The Royal Bengal Tiger Is Declared Safe In India

Doug Williams
Bjørn Christian Tørrissen CC BY-SA 3.0
Bjørn Christian Tørrissen CC BY-SA 3.0

On July 29, 2019, International Tiger Day, the 2018 tiger census of India was released with good news. The Washington Post reports that since the beginning of the tiger census in 2006, the tiger population has doubled in size.

Prime Minister Narendra Modi has declared India as one of the biggest and safest habitats of the Royal Bengal Tiger.

The numbers were taken from a survey of almost two hundred and forty thousand square miles of forest in five different landscapes: the Shivalik Gangetic Plains, the Western Ghats, the North Eastern Hills and Brahmaputra Flood Plains, the Sunderbans and Central India, and the Eastern Ghats according to Big Cats India.

An adult male Royal Bengal tiger in Kanha National Park, Madhya Pradesh, India. Seemaleena CC BY-SA 4.0
An adult male Royal Bengal tiger in Kanha National Park, Madhya Pradesh, India. Seemaleena CC BY-SA 4.0

26,838 camera traps were placed in 141 locations which captured over thirty million images showing that the new population is at 2967 which is a 313% increase since 2006.

The study captured 76,651 images of tigers and 51,767 images of leopards according to Down To Earth. Politically charged areas dangerous to work in were estimated from modeling and the survey’s error range was about 12%.

There were four states in India with more than three hundred tigers, eight states with more than one hundred and fifty tigers, and five hundred twenty-six was the maximum population in a state, Madhya Pradesh.

Big Cats India notes that The states of Mizoram, Jharkhand, and northern West Bengal currently have no tigers. Unexpected sightings occurred in Odisha, Hemagiri forest, Sundargarh, and Muniguda.

The methods used for this survey include double sampling which includes sending forest rangers to collect raw data based on pugmarks, scat, and remains of prey.

The camera traps employ a new Android app to help distinguish markings on each cat photographed and, along with machine learning experts to help with species identification and spatial analysis professionals to estimate the populations of tigers and their prey, gave the most accurate census to date.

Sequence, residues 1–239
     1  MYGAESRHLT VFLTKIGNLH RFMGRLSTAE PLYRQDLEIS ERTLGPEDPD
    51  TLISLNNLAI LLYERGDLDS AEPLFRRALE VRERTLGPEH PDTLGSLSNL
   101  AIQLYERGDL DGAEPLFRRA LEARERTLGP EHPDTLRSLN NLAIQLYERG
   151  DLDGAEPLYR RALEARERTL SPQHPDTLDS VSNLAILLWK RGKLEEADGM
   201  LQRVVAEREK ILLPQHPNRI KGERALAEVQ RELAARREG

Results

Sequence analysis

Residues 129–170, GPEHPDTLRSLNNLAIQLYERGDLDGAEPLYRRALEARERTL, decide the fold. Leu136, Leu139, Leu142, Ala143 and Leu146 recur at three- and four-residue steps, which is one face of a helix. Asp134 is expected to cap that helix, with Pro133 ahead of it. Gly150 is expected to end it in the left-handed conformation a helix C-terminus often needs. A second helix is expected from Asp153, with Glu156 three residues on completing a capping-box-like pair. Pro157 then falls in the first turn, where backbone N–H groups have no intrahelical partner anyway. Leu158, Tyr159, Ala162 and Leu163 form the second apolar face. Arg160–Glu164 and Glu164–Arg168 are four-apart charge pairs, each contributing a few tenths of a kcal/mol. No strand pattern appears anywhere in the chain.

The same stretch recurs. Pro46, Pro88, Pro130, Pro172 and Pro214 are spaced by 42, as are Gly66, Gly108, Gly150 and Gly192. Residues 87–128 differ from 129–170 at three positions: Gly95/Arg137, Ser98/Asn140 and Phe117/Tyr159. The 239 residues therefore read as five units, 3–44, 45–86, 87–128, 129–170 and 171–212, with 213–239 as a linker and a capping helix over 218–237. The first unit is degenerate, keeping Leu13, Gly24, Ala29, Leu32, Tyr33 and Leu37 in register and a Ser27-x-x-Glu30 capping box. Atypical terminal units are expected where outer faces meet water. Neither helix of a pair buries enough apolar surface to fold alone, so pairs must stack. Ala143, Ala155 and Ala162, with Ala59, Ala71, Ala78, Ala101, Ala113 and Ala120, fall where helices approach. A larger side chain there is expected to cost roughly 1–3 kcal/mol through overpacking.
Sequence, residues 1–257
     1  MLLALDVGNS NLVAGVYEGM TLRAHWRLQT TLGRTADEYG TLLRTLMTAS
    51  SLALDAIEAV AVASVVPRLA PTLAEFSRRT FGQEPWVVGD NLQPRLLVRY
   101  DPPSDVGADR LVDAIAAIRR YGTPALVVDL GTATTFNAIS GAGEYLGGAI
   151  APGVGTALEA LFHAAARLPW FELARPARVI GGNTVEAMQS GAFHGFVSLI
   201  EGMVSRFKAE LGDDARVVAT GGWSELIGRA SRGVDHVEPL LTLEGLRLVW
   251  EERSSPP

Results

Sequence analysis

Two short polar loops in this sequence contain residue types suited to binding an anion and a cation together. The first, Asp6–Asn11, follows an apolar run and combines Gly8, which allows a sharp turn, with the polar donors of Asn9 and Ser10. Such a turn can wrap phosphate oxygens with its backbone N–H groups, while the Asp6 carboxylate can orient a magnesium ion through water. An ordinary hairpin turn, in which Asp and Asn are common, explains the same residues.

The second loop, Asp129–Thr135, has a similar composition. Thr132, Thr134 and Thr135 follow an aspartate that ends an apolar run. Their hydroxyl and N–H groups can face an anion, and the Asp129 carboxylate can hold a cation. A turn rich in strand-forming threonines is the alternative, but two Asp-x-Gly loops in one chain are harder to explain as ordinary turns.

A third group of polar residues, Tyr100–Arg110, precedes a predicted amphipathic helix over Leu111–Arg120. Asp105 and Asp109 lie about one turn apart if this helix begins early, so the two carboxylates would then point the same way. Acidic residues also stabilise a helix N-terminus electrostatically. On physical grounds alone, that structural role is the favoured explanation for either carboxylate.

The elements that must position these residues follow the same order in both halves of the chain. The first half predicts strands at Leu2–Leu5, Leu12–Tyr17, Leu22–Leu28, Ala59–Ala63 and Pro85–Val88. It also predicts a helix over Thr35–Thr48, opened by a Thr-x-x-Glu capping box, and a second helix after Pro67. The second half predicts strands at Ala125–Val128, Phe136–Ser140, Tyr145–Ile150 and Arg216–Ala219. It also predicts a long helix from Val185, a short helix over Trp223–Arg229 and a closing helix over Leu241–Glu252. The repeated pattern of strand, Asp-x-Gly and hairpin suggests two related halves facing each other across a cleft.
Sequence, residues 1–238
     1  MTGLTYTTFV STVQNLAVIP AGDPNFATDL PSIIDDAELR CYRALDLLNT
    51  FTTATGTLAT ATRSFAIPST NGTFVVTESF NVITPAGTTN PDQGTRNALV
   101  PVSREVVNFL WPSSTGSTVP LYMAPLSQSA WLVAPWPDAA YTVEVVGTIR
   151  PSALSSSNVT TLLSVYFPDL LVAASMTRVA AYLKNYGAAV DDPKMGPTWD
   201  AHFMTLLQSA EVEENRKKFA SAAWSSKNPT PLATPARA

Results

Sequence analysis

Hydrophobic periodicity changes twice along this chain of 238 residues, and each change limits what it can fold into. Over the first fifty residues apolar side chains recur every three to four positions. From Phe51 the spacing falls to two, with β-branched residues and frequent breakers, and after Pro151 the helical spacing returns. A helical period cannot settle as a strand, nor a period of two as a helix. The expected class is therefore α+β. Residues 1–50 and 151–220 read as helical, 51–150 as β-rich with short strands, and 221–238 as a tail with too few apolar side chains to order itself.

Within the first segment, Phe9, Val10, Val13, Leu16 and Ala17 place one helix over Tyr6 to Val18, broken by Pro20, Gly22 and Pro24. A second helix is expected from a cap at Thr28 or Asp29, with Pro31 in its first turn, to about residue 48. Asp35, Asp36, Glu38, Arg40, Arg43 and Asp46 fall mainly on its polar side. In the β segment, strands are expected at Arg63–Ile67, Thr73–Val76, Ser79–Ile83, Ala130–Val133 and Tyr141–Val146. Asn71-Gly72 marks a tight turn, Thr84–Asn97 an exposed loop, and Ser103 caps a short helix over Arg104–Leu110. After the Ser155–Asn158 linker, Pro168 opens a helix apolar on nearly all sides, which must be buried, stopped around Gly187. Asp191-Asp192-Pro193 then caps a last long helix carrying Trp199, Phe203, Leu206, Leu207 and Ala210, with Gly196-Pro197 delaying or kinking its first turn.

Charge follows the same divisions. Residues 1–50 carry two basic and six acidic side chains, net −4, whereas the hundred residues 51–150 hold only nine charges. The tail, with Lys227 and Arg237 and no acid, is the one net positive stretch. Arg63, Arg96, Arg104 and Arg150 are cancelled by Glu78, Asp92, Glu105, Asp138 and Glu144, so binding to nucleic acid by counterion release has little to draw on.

The initial numbers are promising but don’t mean that conservationists can stop worrying about the tiger population. According to The Conversation, Yadvendradev Jhala and Qamar Qureshi, the managers of the survey, say that, while established tiger populations have increased, there has been a marked decrease in small, isolated populations.

There are fifty tiger reserves in India governed by Project Tiger which is administered by the National Tiger Conservation Authority. Walk Through India lists the best spots to observe tigers: Corbett Tiger Reserve in Uttarakhand, the oldest national park in India.

Dibyendu Ash – CC BY-SA 3.0
Dibyendu Ash – CC BY-SA 3.0

Bandipur Tiger Reserve in Karnataka, the first wildlife reserve in India to adopt Project Tiger in 1974; Nagarahole Tiger Reserve, part of the Nilgiri Biosphere Reserve also in Karnataka; and Kanha Tiger Reserve, one of the most popular tiger reserves of India in Madhya Pradesh.

While the census counted no cats in one of the older reserves, Palamau Tiger Reserve in Jharkhand, just a few days after the numbers were released, three tigers, two males and one female were observed, according to India Today.

Live Mint quotes Anup Kumar Naik, chief of National Tiger Conservation Authority saying, “We have fifty tiger reserves. Not all are doing well. We admit that poaching is a concern. There is a lack of protection and management measures in some areas.

A tigress having a bath in the Ranthambhore Tiger Reserve, Rajasthan, India. Koshy Koshy CC BY 2.0
A tigress having a bath in the Ranthambhore Tiger Reserve, Rajasthan, India. Koshy Koshy CC BY 2.0

Tigers thrive in areas where the prey density, habitat conditions are good; if that does not happen, the numbers will not improve. Even for the tiger reserves which are doing well, there will come a time when they reach their carrying capacity and tigers will move. Our goal is to ensure connectivity to deficient areas so they become viable for tigers to occupy.

But for that, the man-animal conflict will have to be tackled.” The 24% mortality rate among tigers is due to poaching and mounting conflict with humans.

The Indian government is making great strides in order to ensure protection for wildlife. They are reforesting previously used corridors in order to help merge population areas by offering new prey sources and protection from humans.

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The governments of Nepal and Bangladesh are getting ready to employ the same project to count tigers in their regions, and hopefully, India and other countries will adopt a method to count cheetahs, leopards, and other animals that can be individually identified.


fmssolution is one of the authors writing for Outdoor Revival